“Greater Good” is an arbitrary phrase used by the religions of Socialism and Hinduism..I assume he’s borrowing the Christian phrase “love the sinner but hate the sin.” .It should be noted that EACH religion of Socialism, Hinduism, and Christianity, assume exclusivity.
None of their practitioners are supposed to mix religions. Try that in a predominantly Socialist nation like the USSR or China and you are imprisoned or worse. Try that in India and you will be likely be killed by an angry mob. Try that in a Christian group and they will not allow you to return to their meetings..In discussing religions, page 35 of National Wave of Foolishness states "
Certain evils were defined as evil by some cultures but not by others until modern times, such as slavery and human sacrifice. Slavery was ended during the 1800s by all but some criminal elements and some modern Islamic nations. Human sacrifice was practiced by some religions and not others, but the practice had died out by 1800 with a few exceptions like some cultures in Borneo and New Guinea, Hindu sects like the Thugs and some modern cults.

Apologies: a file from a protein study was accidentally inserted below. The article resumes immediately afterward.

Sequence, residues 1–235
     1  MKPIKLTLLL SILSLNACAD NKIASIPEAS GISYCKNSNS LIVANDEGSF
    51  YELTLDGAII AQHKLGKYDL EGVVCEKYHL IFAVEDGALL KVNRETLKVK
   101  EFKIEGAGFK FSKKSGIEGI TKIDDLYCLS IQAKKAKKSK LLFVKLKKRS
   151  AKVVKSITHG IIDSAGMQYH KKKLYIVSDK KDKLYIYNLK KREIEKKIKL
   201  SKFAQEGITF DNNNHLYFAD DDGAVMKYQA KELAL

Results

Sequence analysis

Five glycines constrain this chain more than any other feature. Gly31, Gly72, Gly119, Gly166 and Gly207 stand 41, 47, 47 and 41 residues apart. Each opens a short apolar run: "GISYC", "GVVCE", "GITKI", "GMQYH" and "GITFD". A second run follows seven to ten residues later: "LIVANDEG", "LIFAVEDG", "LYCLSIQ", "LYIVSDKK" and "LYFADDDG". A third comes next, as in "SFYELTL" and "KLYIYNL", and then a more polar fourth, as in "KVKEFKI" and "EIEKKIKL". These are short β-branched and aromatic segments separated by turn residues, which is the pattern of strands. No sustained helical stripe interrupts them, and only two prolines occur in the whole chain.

A few religions just ignore the problem of evil such as some sects of Hinduism (and Socialism, for that matter) which cop out and call everything “greater good” and “lesser good”, as if murdering some innocent in a drive-by shooting in order to move up in a gang hierarchy was a “lesser good”. Of course, if one believes in karma, then that innocent person who was murdered must actually have “deserved it” for nasty things done in a past life, so it’s all neat and tidy. No evil; just “lesser good”.
It’s not actually that tidy, however: the very idea that someone “deserves” bad things to happen to them for evil done in a past life is in itself an admission that evil exists. Not “lesser good”. Thus those sects contradict themselves.
So much for the Law of Non-Contradictions.".This turn of events makes me wonder if this comic is going nasty like so many other comics have. It would be a pity; until this story arc, it’s been a fascinating journey.
I’ve quit reading several comics where the artist wanted to attack others. It’s become fashionable to portray caricatures of Christians in media, as a general rule blaming them for one’s own actions, or projecting one’s own faults upon them. I’m hoping that is not the case here.